But anyway, that is NOT what this post is about. This post is about everything that happened for the 10 days previous to those temperatures. Which was the 10 days The Map Man was home from work on his "vacation". We've not spent 10 whole days together since....since....well, it was well before the children were born, I assure you. And needless to say, we got a LOT accomplished during that time frame!
Of course, we did a bunch of work around the farm. We built an outdoor pen and shelter for our adolescent turkeys and moved them out there from the shed they'd been brooding in. It's a relief (for both them and us) to have them in roomier quarters. We also put in a new line of fencing in the sheep pasture to give them a bit more room to graze, and removed an old unneeded line. The Man cut the knee-deep grass in the front yard with a scythe (we'll rake it up and give it to the turkeys for bedding), because the sheep flock just wasn't able to keep up with the grass. He also weed-wacked here and there where needed, so that we're looking a bit more neat than we had been. (A very rainy spring meant a whole lot of tall green stuff!) We loaded up the van with our stinky old sofa pieces and a bunch of other junk and he did a big dump run (which we're hoping to repeat each weekend this summer to get rid of a bulk of the JUNK kicking around here). I cleaned the "farm bathroom" (aka, our laundry room, where this is also a toilet and sink that has been buried under above-mentioned JUNK for years) so that it is now actually a usable bathroom (gasp!). I cleaned the dog room - or rather, that half of the "family room" that the dogs spend the night in -- I cleaned out more JUNK, reorganized the JUNK that is actually staying, and put down a new flooring underneath everything in that half of the room.
I picked 66 new chicks up from the post office at the airport (where they arrived the same day they hatched in Ohio -- isn't the modern world an amazing thing?). We got them set up indoors, then moved them to the brooder shed at the end of the week when they outgrew their space, and once the turkeys were done using it. Some of these are already sold. Of the rest, half will be kept for laying, and half will be raised for eating. I took Cheer (one of our Collies) in to be spayed, took two of the other dogs in for required rabies vaccines, got Joy (the other Collie) started on meds for leaking urine (an old-girl-dog thing), and The Man got all 4 of them licensed. We moved some new-to-us furniture from a friend's house to ours. We found a great bed on the road-side with a free sign on it and hauled that home, too. We donated some unneeded furniture to the local theater group for our upcoming musical and hauled it there. We installed an air conditioner in the kids' bedroom window (just in time, too!).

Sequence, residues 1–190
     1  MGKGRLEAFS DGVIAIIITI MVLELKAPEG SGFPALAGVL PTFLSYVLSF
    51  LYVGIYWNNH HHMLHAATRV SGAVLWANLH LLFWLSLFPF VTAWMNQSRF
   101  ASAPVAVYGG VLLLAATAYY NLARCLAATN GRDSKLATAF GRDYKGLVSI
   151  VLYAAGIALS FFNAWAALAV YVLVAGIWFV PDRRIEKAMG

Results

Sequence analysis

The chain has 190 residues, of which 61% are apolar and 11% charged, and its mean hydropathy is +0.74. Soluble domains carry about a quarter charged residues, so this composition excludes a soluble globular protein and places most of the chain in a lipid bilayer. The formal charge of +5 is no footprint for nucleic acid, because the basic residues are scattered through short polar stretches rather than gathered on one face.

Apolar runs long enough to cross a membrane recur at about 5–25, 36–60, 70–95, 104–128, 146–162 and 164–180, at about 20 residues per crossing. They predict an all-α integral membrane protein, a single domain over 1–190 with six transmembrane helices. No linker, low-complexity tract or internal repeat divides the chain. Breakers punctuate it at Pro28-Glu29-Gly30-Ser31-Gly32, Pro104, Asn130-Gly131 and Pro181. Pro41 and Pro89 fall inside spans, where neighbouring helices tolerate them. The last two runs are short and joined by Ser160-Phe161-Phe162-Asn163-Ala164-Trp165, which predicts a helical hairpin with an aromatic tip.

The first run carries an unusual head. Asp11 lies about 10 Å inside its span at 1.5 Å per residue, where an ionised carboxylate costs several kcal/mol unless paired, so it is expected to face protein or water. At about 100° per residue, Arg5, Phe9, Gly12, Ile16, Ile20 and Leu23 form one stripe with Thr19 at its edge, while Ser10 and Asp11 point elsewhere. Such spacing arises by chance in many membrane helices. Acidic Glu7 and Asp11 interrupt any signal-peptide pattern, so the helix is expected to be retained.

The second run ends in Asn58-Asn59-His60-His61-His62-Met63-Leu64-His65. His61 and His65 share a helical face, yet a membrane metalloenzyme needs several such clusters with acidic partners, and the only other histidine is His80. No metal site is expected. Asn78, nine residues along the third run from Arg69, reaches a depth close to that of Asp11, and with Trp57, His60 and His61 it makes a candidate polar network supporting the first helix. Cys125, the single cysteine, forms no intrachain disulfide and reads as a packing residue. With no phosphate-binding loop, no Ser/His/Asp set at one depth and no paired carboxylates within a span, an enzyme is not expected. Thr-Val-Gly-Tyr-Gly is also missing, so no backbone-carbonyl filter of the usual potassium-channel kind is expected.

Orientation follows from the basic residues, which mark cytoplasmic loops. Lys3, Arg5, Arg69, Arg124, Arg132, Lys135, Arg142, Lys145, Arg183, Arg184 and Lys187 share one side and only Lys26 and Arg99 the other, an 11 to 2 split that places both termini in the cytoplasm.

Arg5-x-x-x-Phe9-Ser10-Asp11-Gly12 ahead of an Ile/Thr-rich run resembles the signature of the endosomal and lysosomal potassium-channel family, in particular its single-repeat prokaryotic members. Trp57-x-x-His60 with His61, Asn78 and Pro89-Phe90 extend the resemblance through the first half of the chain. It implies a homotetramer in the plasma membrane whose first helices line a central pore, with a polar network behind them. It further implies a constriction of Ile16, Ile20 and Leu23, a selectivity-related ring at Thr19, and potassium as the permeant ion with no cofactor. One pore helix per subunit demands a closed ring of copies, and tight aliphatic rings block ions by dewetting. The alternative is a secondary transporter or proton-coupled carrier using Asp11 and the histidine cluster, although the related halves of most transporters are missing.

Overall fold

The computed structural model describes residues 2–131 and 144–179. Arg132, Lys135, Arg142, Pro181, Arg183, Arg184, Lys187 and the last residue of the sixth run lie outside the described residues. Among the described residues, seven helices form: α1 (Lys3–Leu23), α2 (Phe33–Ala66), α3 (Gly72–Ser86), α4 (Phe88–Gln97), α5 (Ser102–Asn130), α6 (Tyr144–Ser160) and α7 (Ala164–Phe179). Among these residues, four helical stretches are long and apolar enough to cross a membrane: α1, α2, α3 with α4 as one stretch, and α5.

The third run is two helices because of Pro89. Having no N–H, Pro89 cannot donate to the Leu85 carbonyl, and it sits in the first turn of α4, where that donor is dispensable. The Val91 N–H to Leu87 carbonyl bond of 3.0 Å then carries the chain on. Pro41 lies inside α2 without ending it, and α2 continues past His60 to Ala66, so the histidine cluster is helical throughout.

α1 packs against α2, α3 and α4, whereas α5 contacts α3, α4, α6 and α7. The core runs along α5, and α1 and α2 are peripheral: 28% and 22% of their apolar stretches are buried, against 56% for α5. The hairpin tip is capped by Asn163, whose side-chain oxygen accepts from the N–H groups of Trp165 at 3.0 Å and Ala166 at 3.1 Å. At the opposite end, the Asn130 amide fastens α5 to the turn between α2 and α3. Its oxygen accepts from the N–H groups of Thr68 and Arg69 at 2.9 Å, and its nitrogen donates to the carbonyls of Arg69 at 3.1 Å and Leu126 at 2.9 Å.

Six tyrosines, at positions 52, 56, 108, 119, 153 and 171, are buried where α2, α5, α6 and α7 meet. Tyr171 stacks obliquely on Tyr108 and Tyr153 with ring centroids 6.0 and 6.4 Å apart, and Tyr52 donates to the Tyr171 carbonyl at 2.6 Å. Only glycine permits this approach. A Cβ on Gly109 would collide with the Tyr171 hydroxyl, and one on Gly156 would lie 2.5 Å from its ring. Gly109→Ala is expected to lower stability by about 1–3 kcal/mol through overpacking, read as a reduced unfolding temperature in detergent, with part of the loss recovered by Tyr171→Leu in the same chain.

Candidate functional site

We also had a bunch of fun. The boys played with the new chicks. We went to the lake. We went swimming in my sister's pool. We threw a 50th wedding anniversary party for The Man's parents, and enjoyed visiting with family we hadn't seen in quite some time. We went to dance class and musical rehearsals. We saw a couple of movies. (Toy Story 3 is much to intense for sensitive kids! Eclipse is perfect for vampire-and-werewolf-loving adults.) We went out for ice cream (repeatedly), and burgers, and picnics, and parties. We all went to the town's fireworks display, and The Man took the boys to a neighboring town's displays while I was at work one evening.
Even though we didn't go far or do anything too out of the ordinary, The Map Man declared it the perfect vacation.
And now he's back to work, and we're in the swing of our summer rhythms. Which I'll blog about more tomorrow. Or the next day. Or whenever I get around to it.
In the meantime, I want to give a shout out to Cameron, our 20-ish year old barn cat, who is clearly on the down slope of life at this point. I don't expect him to be with us much longer, but wanted to post a photo while he's still relatively healthy, albeit definitely showing his age. We adopted him as a young adult when we first moved here from a woman who rescued him from an abusive situation. He had a busted leg and head trauma when he first came to live with us (he had suffered a prolonged period of physical abuse and had been drop-kicked by his previous owner on the day the rescuer got her hands on him). He's named after the woman who saved his life. He was a top-notch mouser in his days, although he's been decided retired for several years now, and he has always been a friendly pleasant cat to have around, which is amazing considering what his first couple of years were like. He's a testament to the powers of healing of love and good care, and to the generosity of spirit that animals possess. The same can be said about all of our cats, actually. It's just Cameron's turn to shine.